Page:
Text and images Copyright (C) 2002 Jakub Steiner and may not be used without permission of the author.
In this tutorial, you’ll learn how to use GIMP’s layers in a different manner. Unlike it’s default composite function, using GIMP as an animation package requires you to think of every layer as of an animation frame. We’ll discuss the two different frame disposal methods later on. For now let us think about every layer as of a separate frame.
We’ll create a very simple web banner. Let’s start with a new image 468x60 px. Use white as the background color. Create new transparent layer. Select the whole image with Ctrl+A and fill it with black (Ctrl+,). Shrink the selection by 1 px (
Selection → shrink) and delete the selection with Ctrl+K. We created a 1 px frame around out banner.
Now it’s time to put our logo or the main theme picture into the banner. I have prepared a masked-out flower you see on the picture on the left. I just pasted the flower below the border frame, used alpha to selection, created an empty layer below it and filled the selection with black using Ctrl+,. After that I blurred the shadow using Gaussian blur RLE and offset it by 2px to bottom right. I couldn’t resist adding the interlace effect using
Filters → Render → Grid and a layer mask. In that layer mask i applied a b/w gradient, so that the left of the flower is not interlaced.
This part of the tutorial is not the key element, so feel free to experiment. Once you’re ready flatten the image using the
Image → Flatten Image.
Now we’re ready for the actual animation work. We will be creating a banner consisting of, say three lines of text being animated. Each frame will consist of the flower image and accompanied by some text. I don’t want to make this boring, so lets make it three frames. The first step will naturally be to copy our flattened image two times using the duplicate layer button in the layers window.
Then we’ll use the standard text tool to put a small text note on every frame. After typing the text onto the frame, GIMP will create a floating selection, that you need to position right using the move tool and anchor using Ctrl+H. The positioning might be crucial for the final animation, so you can use the following trick to make the positioning a piece of cake. Before using the text tool, set the layer (frame) transparency to a lower value, so you could see the layer below it. That way you can position the newly created text acording to the text below (on the previous frame).
In every GIF animation you are allowed to specify the delay between frames. That way you can create a 12 second animation using only a few frames, because the delay does not have to be constant. In GIMP you specify the delay as a layer comment. Just double-click the layer comment in the layers’ window and a delay in ms enclosed in brackets ().
To check if the timing is good, you can preview the animation using the
Filters → Animation → Animation Playback. You can even drag the preview around your desktop.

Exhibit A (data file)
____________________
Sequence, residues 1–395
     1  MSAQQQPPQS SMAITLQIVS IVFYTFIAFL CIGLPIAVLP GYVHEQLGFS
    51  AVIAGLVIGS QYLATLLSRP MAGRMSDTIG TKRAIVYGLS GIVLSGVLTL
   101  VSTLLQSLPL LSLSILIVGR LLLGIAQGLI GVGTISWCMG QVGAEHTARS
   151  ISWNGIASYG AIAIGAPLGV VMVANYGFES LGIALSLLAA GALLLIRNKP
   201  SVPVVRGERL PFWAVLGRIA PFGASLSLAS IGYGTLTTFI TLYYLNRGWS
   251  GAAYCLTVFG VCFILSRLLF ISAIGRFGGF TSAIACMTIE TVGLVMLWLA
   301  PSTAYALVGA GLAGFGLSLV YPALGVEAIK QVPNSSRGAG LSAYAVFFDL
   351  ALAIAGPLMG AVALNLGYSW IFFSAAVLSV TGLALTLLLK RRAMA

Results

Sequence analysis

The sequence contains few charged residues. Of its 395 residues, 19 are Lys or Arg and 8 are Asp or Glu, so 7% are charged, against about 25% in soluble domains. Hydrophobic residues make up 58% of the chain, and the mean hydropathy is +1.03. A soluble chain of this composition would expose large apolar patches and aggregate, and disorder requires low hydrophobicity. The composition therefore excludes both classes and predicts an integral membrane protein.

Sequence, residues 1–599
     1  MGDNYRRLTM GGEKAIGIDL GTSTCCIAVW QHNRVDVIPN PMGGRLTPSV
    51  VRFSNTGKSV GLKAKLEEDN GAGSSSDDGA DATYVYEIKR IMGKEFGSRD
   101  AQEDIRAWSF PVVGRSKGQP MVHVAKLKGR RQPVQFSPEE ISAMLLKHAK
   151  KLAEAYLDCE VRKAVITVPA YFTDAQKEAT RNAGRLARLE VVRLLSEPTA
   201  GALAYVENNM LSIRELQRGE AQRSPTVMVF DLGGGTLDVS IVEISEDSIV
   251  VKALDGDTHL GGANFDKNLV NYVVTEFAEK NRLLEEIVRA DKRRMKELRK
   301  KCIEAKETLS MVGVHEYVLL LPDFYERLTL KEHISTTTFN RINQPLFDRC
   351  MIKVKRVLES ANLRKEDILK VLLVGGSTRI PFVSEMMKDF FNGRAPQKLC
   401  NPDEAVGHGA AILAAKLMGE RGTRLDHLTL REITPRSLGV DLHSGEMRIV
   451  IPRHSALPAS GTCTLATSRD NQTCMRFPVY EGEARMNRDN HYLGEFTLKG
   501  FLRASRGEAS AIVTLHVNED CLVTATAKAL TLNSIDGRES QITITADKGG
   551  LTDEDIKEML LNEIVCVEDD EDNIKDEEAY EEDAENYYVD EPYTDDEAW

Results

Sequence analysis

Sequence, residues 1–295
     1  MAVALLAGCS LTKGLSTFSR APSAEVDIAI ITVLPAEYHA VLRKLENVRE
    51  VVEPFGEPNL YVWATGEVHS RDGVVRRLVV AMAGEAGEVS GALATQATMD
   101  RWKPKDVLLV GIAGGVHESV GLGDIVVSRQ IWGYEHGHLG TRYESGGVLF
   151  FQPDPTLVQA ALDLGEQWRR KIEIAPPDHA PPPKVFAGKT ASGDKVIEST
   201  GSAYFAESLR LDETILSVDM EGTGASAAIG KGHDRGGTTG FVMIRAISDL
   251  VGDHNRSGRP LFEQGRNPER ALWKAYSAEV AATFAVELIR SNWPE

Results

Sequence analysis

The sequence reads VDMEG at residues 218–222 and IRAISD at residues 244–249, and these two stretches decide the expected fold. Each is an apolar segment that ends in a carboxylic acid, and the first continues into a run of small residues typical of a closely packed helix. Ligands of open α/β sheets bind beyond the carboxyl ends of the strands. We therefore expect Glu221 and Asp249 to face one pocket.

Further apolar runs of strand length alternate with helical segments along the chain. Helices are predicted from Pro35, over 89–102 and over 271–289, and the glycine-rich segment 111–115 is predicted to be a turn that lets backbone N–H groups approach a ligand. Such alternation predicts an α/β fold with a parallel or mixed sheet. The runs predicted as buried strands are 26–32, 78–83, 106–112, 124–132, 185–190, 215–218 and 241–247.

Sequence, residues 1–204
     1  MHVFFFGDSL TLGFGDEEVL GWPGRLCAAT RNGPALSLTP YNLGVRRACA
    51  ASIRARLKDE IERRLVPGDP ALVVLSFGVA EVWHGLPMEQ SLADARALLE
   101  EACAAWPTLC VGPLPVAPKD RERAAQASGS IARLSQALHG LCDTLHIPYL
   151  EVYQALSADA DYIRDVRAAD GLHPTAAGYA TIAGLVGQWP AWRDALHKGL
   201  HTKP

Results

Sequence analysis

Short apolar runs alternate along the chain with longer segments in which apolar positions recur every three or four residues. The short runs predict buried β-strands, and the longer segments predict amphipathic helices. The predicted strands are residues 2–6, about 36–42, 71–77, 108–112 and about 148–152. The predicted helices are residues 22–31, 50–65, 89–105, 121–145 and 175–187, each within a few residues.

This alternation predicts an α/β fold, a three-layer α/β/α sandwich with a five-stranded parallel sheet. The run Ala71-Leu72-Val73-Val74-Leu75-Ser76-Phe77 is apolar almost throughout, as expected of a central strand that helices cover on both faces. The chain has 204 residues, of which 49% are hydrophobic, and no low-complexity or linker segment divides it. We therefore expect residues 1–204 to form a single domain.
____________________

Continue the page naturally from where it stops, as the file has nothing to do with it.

In the last step, we’ll use a very handy function for applying a filter to multiple layers. This function is provided by GAP, the GIMP Animation Package. Please go to the “Using GAP” tutorial to learn more about the tool.
Before we can apply this effect, we need to create a new image out of the third frame. This is as simple as dragging the layer preview from the layers window to the toolbar. Now duplicate the image four times. With a rectangular select tool, draw a selction around the text. Now we’re ready to apply a gaussian blur filter on every layer using varying parameters. Use the
Filters → Filter All Layers function and select plug-in-gauss-rle2 from the list and press the apply varying button. The blur dialog pops up. Now we need to specify parameters for the lowest layer in the stack, ie. our first frame.
We want to blur the text away in time, so for the first frame, let’s specify a lower value. We’ll blur in horizontal direction only, so let’s make it v:0 h:2. After you click OK another dialog shows up. Here, choose continue and specify parameters for the last frame. We’ll go for 20 px horizontal blur. You can backup the progress, but for now we will make the filter apply on all layers inbetween by clicking on continue in the next dialog. All we need to do now is to drag the layers back to the original image.
Now we only need to save our animation as GIF. Before we do that, let’s optimize the animation using the
Filters → Animation → Animation Optimize function. This will create a new image using a different mode than what we have now. You can use two different modes for every frame of your animation. You can either use the replace mode (default), which will replace the old frame with the new one. It’s like taking the frame out before adding a new one. The other is the combine method, in which the new frame is added to the previous frame. That way only changes need to be updated. That’s what animation optimize basically does. The file size gets tremendously smaller. Now we need to index the image using Image→ Mode → Indexed function (Alt+I).
Try to use as little colors as possible and avoid dithering. Both number of colors and dithering tend to enlarge the filesize dramaticaly. I used no color dithering and generated 32 color pallette. The file size of the banner is about 7kB. If you now save the image as GIF, GIMP will ask whether it should save the image as an animation, which is exactly what we need. In the save as GIF dialog, you can specify the default delay (in our example it will be used for the blured frames) and disposal method. You can use your WWW browser to check the animation, or you can use the animation playback function in the animation section of the image menu.